Out of disaster, a community of one

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Out of disaster, a community of one

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Seeing the devastation caused by the earthquake and tsunami that swept northeastern Japan recently, I was reminded of the great earthquake that shook Kobe at dawn on Jan. 17, 1995. At the time, I was stationed in Tokyo as a correspondent of the JoongAng Ilbo and was dispatched to the earthquake zone. There, I witnessed vivid scenes of the devastation the earthquake caused.

The disaster that swept through northeastern Japan began in the sea off of Sanriku, the northeastern coast of the island of Honshu. The area is a fertile fishing ground where the warm current, or Kuroshio, that flows along the Japanese Islands meets the cold Kuril current that flows southwards along Honshu’s east coast.

Sanriku’s irregular coastline amplified the destructiveness of the tsunami that followed the earthquake. Eight days before the quake, residents had conducted a large-scale evacuation drill because it was forecast that the chance of a 7.5 to 8 magnitude earthquake striking within 30 years was 99 percent. Instead, the whole area, which is inhabited by 10 million people with 5 million in Sanriku and the rest in Fukushima and Ibaraki, was shattered by the catastrophe.

The wounded hearts of the Japanese will not be easily soothed with words of comfort. Only time will ease their pain. But there is always hope behind despair. Kobe, which suffered a loss of 6,400 lives and 10 trillion yen ($124 billion) in property damage from the earthquake, was on its way to becoming a high-tech fashion city.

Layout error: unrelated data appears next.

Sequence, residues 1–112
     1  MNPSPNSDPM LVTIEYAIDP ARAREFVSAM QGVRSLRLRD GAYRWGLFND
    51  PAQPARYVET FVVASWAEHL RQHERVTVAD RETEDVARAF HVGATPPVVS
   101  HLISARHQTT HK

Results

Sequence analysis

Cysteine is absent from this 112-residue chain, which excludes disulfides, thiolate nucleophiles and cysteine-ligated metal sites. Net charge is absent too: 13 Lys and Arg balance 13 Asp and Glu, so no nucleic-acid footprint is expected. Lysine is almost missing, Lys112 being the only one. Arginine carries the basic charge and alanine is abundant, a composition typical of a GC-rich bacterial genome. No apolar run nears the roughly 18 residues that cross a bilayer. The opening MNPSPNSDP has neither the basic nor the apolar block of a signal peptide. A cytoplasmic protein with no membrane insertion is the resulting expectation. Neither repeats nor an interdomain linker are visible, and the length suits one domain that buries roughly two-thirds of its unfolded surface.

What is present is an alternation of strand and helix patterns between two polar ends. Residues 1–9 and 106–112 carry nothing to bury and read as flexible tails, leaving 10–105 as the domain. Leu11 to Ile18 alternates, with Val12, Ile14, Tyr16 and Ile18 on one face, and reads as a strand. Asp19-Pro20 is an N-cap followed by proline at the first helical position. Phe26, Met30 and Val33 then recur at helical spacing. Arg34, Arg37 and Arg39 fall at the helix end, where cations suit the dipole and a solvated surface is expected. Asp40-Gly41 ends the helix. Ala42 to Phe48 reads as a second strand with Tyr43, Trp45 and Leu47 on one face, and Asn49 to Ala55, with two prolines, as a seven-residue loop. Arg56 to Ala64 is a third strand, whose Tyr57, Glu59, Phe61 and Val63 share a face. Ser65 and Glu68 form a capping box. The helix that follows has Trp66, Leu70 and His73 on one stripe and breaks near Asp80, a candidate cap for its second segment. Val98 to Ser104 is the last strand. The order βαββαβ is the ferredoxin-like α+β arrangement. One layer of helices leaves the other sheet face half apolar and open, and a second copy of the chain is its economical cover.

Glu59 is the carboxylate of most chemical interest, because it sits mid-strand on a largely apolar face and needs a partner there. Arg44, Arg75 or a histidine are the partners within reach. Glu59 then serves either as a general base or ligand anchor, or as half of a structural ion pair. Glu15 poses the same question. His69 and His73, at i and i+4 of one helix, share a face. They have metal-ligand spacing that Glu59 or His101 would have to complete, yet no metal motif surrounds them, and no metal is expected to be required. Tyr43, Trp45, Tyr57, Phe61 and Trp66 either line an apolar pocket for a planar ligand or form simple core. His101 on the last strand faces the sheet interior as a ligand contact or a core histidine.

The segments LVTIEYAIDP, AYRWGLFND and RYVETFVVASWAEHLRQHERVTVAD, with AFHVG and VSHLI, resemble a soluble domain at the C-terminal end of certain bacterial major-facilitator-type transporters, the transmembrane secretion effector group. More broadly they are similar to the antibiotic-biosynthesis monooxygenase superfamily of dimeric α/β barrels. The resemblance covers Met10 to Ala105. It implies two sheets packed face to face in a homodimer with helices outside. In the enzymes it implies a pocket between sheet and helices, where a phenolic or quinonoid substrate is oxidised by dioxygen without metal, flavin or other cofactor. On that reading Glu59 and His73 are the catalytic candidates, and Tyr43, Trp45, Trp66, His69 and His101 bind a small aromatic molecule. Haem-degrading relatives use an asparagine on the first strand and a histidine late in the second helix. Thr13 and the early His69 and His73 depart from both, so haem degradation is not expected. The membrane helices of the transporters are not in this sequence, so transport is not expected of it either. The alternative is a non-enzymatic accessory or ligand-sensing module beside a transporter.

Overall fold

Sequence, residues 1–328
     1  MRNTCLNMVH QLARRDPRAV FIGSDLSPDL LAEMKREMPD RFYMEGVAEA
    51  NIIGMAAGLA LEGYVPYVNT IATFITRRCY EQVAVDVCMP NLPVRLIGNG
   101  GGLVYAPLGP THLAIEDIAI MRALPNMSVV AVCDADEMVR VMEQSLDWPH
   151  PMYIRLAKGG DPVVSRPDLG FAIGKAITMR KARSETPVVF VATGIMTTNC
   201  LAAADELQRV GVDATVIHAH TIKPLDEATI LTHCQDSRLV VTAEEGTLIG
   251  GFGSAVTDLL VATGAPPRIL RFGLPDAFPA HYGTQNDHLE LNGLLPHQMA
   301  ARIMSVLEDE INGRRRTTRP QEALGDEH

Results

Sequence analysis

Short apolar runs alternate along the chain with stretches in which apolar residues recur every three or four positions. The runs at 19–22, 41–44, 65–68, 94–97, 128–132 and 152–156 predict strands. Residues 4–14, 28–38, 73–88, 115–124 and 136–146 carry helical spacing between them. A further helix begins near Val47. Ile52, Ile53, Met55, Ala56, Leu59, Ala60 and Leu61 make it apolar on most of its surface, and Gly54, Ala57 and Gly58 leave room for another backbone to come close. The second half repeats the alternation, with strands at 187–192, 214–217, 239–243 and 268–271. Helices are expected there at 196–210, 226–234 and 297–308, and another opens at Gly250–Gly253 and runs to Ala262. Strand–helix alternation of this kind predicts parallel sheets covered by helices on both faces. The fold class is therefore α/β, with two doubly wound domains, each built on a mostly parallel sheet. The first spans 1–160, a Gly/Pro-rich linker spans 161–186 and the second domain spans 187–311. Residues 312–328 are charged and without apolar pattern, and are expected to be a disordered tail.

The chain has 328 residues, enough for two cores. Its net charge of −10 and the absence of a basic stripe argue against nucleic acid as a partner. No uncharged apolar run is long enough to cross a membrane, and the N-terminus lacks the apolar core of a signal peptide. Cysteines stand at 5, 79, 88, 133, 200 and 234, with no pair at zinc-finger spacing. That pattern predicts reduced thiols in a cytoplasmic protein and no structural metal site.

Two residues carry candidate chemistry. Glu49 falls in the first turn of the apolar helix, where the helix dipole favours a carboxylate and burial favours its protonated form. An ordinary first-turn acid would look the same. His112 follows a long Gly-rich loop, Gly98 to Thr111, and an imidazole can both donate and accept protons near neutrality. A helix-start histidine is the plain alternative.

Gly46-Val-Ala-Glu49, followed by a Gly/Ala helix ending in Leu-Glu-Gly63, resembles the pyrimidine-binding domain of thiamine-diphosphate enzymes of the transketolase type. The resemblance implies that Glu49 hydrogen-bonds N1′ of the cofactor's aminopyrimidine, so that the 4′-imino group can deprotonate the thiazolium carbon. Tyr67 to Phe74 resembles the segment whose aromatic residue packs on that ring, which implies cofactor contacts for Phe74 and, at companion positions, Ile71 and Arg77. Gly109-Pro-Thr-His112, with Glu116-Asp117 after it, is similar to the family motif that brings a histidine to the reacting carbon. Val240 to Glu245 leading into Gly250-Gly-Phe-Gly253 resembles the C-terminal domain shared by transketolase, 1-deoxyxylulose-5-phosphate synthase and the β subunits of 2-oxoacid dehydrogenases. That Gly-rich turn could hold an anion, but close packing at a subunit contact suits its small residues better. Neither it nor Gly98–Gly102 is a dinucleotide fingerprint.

In her 2009 book, “A Paradise in Hell: The Extraordinary Communities that Arise in Disaster,” American writer Rebecca Solnit writes about the paradise that arises when disaster strikes. Diverging from the general view that in a calamity, riots and looting prevail in the absence of law and order, she asserts that a community arises among disaster victims, citing various cases including the San Francisco earthquake of 1906. It is a kind of healing based on human nature.

Haruki Murakami, who hailed from Kobe, wrote a series of novels on Kobe after the quake. Perhaps it was out of his belief in the paradise that arises out of a disaster that he never mentioned the devastation caused by the quake in his work. And perhaps it is for this reason that I, too, see a ray of hope in the way the Japanese people have become one to calmly overcome the devastation visited upon them.

*The writer is a senior columnist of the JoongAng Ilbo.


By Kwak Jae-won
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